We also did not measure the concentration of known cytokines influencing endothelial progenitor cell number. However this was done by several studies measuring and correlating EPC number with the concentration of this cytokines [11–13, 20].
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Michael Fritzenwanger had full access to all the data in the study and takes responsibility for the integrity of the data and the accuracy of the data analysis.
Study concept and design: MF, FL, HF
Acquisition of data: FL, MFA
Analysis and interpretation of data: MF, FL, CJ, HT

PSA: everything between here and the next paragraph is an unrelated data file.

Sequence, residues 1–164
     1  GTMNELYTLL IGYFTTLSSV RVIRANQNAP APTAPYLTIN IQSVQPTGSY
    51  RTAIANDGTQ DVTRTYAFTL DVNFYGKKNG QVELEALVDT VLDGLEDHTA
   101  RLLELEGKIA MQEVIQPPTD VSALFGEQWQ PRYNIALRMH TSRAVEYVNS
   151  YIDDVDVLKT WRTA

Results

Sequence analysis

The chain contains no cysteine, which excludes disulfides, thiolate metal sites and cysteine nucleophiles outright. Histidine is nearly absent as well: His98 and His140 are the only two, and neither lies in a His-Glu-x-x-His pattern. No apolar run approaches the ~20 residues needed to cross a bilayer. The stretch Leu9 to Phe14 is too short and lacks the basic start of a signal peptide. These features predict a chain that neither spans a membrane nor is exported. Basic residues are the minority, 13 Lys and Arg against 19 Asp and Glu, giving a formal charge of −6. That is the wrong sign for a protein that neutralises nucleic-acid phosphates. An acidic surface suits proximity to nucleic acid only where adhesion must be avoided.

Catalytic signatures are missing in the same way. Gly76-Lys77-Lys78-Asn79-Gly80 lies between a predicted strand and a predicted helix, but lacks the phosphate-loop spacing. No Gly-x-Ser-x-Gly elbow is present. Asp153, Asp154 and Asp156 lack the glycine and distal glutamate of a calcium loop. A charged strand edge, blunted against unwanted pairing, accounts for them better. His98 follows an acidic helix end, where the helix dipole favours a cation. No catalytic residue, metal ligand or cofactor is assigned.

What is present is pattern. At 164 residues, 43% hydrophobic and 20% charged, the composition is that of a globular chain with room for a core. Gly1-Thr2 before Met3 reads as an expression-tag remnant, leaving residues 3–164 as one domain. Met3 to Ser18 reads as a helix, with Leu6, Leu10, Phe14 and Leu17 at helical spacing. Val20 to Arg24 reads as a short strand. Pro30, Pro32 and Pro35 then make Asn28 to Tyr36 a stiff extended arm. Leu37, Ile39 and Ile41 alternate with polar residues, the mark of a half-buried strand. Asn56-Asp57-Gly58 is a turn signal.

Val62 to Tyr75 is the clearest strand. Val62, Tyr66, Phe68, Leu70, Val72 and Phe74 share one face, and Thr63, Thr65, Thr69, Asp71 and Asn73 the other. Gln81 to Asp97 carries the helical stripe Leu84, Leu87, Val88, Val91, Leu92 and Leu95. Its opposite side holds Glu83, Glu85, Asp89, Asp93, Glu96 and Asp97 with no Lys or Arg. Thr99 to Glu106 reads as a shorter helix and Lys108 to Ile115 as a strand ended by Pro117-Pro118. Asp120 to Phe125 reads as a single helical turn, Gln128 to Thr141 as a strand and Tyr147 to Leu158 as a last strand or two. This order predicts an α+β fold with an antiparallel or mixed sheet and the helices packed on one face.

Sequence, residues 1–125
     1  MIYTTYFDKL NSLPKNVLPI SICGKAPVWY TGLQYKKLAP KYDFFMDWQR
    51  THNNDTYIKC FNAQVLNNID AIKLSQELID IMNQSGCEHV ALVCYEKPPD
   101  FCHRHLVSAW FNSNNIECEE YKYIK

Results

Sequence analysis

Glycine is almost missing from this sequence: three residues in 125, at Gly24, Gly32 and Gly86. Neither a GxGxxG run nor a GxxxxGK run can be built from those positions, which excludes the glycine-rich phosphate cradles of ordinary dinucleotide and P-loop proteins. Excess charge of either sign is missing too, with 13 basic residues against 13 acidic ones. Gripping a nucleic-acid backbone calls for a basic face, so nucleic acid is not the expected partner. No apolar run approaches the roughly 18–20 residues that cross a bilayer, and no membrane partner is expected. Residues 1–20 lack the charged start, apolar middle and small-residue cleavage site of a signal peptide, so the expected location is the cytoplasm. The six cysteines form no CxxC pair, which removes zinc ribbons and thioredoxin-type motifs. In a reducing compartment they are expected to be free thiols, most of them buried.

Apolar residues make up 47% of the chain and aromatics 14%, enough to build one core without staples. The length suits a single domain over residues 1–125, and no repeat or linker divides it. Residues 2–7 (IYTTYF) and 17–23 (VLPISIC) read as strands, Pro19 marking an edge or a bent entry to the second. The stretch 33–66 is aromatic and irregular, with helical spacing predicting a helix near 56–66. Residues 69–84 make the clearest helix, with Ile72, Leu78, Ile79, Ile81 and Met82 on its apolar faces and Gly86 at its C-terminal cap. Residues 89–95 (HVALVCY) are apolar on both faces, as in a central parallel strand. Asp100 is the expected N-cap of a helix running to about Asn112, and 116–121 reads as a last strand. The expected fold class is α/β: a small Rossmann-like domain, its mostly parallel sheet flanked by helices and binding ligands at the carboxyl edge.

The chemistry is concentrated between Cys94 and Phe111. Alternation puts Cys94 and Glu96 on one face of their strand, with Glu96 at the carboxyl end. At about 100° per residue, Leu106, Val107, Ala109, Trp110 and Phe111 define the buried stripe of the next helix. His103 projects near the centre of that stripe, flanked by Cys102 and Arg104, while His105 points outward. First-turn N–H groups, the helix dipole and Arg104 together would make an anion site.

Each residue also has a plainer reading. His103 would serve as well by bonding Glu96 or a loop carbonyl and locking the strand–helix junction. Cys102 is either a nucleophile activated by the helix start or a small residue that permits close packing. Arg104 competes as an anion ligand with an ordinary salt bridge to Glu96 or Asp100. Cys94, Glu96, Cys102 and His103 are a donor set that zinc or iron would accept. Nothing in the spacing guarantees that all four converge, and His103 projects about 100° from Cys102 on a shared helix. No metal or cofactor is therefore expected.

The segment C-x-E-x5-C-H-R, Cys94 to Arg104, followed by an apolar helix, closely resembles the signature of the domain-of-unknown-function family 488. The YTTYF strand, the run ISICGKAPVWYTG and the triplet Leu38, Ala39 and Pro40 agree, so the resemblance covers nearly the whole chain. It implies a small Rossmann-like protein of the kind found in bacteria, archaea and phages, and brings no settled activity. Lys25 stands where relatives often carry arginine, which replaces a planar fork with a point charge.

Drafting of the manuscript: MF, FL, MFA, CJ, HT
Critical revision of the manuscript: CJ, HT, DB, HF
Statistical analysis: MF
Obtained funding: HF
Administrative, technical, or material support: HT, DB, HF
Study supervision: MF, HT, DB, HF
Michael Fritzenwanger: MF
Franziska Lorenz: FL
Christian Jung: CJ
Marlen Fabris: MFA
Hansjörg Thude: HT
Dagmar Barz: DB
Hans R. Figulla: HF